Mulroney wins agreement of all ten premiers to change the constitution Enshrines Quebecs five conditions in the constitution Ten provincial governments and the federal government have to ratify the agreement within three years Newfoundland and Manitoba fail to do so by 1990: the Accord dies

20 Charlottetown Accord (1992)

Charlottetown Accord (1992)

Much anger in Quebec Sovereigntist sentiment on the rise Again, federal government and provinces agree on constitution package, called the Charlottetown Accord Defeated in a national referendum: 55% No, 45% Yes Defeated in Quebec as well

21 Reinvigorated sovereigntist movement

Reinvigorated sovereigntist movement

Bloc Quebecois forms as a national political party in 1990, wins 54 of Quebecs 75 seats in Parliament in 1993 Parti Quebecois wins the 1994 provincial election Announces a referendum in 1995 Narrow victory for the federalists: 50.6% Non, 49.4% Oui Federal government weak in referendum

22 Federal Response: Plan A

Federal Response: Plan A

A shaken federal government tries to respond to Quebecs historical demands But limited because there is no appetite for constitutional reform in Canada Passes Parliamentary resolutions to recognize Quebec as a distinct society and to give Quebec a veto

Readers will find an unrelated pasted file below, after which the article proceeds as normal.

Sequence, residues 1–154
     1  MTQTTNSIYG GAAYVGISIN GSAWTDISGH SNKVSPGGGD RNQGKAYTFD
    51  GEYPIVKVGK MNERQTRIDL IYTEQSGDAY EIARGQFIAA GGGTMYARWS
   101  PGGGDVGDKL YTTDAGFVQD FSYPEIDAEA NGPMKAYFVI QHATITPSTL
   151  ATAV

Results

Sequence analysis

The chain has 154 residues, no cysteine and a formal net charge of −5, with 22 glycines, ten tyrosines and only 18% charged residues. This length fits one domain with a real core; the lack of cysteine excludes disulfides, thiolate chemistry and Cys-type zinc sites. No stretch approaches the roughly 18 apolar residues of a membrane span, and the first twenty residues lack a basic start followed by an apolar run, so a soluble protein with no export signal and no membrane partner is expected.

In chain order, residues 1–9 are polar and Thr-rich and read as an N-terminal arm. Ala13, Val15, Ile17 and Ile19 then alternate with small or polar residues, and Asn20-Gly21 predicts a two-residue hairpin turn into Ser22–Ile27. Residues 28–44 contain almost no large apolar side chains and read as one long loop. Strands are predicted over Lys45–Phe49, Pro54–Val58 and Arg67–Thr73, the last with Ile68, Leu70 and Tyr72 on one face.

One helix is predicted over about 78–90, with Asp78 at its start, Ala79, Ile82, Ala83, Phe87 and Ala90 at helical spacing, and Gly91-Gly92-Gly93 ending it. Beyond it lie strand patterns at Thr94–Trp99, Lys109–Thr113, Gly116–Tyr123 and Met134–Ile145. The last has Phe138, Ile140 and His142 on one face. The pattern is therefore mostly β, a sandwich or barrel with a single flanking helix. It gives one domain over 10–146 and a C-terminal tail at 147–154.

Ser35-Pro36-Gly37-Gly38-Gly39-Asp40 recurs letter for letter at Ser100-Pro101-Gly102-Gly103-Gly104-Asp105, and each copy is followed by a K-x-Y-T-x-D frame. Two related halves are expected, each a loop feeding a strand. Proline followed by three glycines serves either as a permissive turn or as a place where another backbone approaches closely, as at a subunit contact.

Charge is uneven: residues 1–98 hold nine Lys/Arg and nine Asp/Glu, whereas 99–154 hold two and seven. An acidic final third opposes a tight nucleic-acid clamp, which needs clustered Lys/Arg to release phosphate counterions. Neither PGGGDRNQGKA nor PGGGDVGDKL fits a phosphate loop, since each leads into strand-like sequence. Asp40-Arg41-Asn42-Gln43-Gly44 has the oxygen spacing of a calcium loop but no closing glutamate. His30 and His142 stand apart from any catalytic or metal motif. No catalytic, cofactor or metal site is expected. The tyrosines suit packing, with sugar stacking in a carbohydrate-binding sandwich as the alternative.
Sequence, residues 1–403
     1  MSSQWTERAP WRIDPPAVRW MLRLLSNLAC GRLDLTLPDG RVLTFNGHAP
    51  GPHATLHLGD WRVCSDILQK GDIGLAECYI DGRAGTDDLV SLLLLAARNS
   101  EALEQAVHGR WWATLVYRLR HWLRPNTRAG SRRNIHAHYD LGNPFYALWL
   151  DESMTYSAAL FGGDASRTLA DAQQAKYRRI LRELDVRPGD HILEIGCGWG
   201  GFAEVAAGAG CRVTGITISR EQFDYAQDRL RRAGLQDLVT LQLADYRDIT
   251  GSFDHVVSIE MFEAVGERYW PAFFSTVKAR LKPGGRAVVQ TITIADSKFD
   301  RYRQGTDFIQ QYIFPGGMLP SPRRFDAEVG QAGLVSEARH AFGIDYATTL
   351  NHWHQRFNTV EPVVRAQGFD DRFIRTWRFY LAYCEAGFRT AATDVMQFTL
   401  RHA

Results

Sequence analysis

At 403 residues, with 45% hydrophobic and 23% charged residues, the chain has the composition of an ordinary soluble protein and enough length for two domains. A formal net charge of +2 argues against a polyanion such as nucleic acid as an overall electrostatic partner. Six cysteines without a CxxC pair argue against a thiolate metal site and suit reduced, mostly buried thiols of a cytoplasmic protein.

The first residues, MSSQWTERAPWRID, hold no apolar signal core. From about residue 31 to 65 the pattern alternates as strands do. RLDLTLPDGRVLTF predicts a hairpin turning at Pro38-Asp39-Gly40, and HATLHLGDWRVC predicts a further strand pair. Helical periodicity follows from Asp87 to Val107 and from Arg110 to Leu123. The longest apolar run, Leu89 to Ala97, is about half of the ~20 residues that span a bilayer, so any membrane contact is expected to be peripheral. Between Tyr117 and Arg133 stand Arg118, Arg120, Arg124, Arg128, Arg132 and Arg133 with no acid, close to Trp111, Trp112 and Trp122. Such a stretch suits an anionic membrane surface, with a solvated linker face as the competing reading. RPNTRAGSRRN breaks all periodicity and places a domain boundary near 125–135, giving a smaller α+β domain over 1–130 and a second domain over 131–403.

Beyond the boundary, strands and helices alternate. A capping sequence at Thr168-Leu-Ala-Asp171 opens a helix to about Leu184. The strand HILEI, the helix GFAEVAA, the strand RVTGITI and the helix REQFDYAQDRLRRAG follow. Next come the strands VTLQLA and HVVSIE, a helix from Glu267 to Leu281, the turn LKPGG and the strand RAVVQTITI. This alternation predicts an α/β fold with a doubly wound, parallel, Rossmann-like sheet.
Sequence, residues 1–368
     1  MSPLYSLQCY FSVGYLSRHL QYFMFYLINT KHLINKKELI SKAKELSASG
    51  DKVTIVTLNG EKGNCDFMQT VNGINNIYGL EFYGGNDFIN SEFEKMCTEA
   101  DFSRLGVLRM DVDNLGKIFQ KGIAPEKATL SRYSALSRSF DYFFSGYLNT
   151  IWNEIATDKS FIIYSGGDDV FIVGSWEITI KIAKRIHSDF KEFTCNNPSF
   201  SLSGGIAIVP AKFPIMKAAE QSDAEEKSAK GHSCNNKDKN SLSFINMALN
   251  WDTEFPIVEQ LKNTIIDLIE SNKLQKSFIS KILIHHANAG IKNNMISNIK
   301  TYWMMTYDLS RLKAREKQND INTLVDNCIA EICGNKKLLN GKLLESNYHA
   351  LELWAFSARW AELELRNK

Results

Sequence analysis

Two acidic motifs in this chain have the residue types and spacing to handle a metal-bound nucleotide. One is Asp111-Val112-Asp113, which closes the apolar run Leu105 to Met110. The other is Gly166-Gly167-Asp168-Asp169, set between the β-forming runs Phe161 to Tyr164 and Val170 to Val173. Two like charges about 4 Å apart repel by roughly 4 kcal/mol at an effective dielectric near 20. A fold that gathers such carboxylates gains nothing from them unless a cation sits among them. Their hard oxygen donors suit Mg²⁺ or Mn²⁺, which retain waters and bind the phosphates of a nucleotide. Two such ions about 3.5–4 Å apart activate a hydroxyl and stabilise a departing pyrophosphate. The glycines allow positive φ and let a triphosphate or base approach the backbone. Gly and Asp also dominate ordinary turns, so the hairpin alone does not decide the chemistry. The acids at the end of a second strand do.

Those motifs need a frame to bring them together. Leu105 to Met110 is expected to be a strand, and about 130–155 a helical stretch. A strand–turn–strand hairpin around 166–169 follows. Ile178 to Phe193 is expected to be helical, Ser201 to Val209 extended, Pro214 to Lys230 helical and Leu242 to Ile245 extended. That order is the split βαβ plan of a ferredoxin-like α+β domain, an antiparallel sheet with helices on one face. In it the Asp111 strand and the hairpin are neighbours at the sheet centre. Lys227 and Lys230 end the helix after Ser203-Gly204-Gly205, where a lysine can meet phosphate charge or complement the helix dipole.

23 Federal Response: Plan B

Federal Response: Plan B

Legal challenge to constitutionality of Quebec sovereignty Supreme Court of Canada in 1998 rules that it is unconstitutional for Quebec to secede without the consent of the other provinces, but if Quebeckers vote in a referendum to leave, the rest of Canada has to respond Clarity Act sets out the rules for Quebec secession

24 The current situation

The current situation

The essential problem remains unsolved Quebeckers and much of Canada conceive of their country in different ways Quebec: Quebec is distinct and may require different powers ROC: all provinces are equal Weve papered over the differences

25 The future

The future

Sovereigntist sentiment is currently in decline Parti Quebecois lost the 2003 provincial election quite badly Bloc Quebecois support is in decline Demographic change in Quebec Evidence that Quebeckers have grown tired of the debate over sovereignty 55% (63% of those under 45) do not identify themselves as sovereigntist or federalist (CRIC)

26 For further reading

For further reading

Kenneth McRoberts, Misconceiving Canada: The Struggle for National Unity (Toronto: Oxford University Press, 1997).

French-English Relations in Canada